Mercantilism requires two actors, the colony as well as the colonists, thus you have networks of colonies owned by the colonists and restricted domestic consumption in the colonies and this perfectly describes the relationship between Apple and other manufacturers and their Chinese partners.
Ironically while the business interests advocate a neo-mercantilism the U.S. government has had little success at getting the Chinese to open their markets to more capitalism, more foreign goods and to let their currency appreciate to more realistic levels. This might look like a disagreement between countries but it is actually an argument between American business and the federal government.
This relationship disenfranchises both the workers in one country and the citizen-consumers on the other. And this doesn’t even touch the issue of lost jobs moved overseas by the mercantilists chasing low labor costs and the ability to ignore health and safety laws.
A form of state sponsored desperation-growth drives Chinese mercantilism and a generation of its people ignore what’s happening in its factories in a vain effort to catapult the country from poverty to emergence and ultimately to first world status.
Friedman holds this up as some kind of aspirational goal for Americans. He seems to be saying that if only we could be a little more like the Chinese we could recapture our manufacturing base. But this amounts to prostituting ourselves, our country and its resources to a gratuitous mercantilist ideal.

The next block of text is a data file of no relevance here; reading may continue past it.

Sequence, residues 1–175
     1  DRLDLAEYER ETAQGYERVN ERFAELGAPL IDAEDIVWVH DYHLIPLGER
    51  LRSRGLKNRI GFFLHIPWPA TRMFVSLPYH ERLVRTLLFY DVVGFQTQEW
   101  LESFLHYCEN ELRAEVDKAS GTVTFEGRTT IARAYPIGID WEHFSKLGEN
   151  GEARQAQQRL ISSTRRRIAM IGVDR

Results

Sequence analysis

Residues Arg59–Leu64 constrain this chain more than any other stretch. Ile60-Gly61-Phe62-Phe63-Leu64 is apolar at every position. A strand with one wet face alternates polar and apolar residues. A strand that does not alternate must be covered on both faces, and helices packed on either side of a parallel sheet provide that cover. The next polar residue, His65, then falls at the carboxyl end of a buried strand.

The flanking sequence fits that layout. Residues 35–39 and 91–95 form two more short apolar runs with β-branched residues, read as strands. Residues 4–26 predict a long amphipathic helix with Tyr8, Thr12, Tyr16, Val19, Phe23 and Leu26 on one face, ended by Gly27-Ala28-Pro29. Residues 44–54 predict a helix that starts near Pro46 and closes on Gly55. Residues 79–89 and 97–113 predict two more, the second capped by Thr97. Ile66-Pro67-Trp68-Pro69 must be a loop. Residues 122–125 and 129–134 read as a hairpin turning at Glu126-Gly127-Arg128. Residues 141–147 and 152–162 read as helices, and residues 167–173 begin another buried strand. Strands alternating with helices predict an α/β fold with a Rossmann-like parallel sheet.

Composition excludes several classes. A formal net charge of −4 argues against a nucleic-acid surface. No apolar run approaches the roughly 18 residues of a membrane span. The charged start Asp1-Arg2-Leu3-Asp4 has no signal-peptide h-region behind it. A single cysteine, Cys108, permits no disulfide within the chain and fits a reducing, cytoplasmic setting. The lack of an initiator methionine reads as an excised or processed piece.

Why not go in the other direction? The opposite of mercantilism is not suspension of trade but trade on a more level playing field, one where profits are not made through arbitraging safety and dignity. Real capitalism.
Companies like Apple have the upper hand. The conditions in their factories are sanctioned either explicitly or implicitly by them and will only persist as long as Apple applies benign neglect to the situation. Alone Apple determines what it will pay for components and labor so that it can meet price points in the Fast New World economy.
Other computer and consumer electronics makers use some of the same Chinese manufacturing partners to make their products. We like those products a lot and we especially like their low prices. But hidden behind those shiny new things and their low prices are 16 hour work days, no time off, regressive discipline and dangerous working conditions.
I like my consumer electronics but not with the hidden costs that are attached to every device. Those costs include an eroded and impoverished first world manufacturing base and despotic working conditions where those jobs end up.
In 1906 Upton Sinclair published The Jungle, a book about the lives of American immigrants. The book spent many of its pages portraying life in the corrupt meatpacking industry. From that book we derived the sage idea of liking the sausage but of studiously avoiding asking how the sausage was made.
In effect, we’ve been told not to try to hold Fitzgerald’s twin opposing ideas in mind. But the Times was able to do just that and to offer us a compelling and discomforting contrast. The larger question is whether or not any of us retain the ability to, as Fitzgerald suggests, function in the face of this information.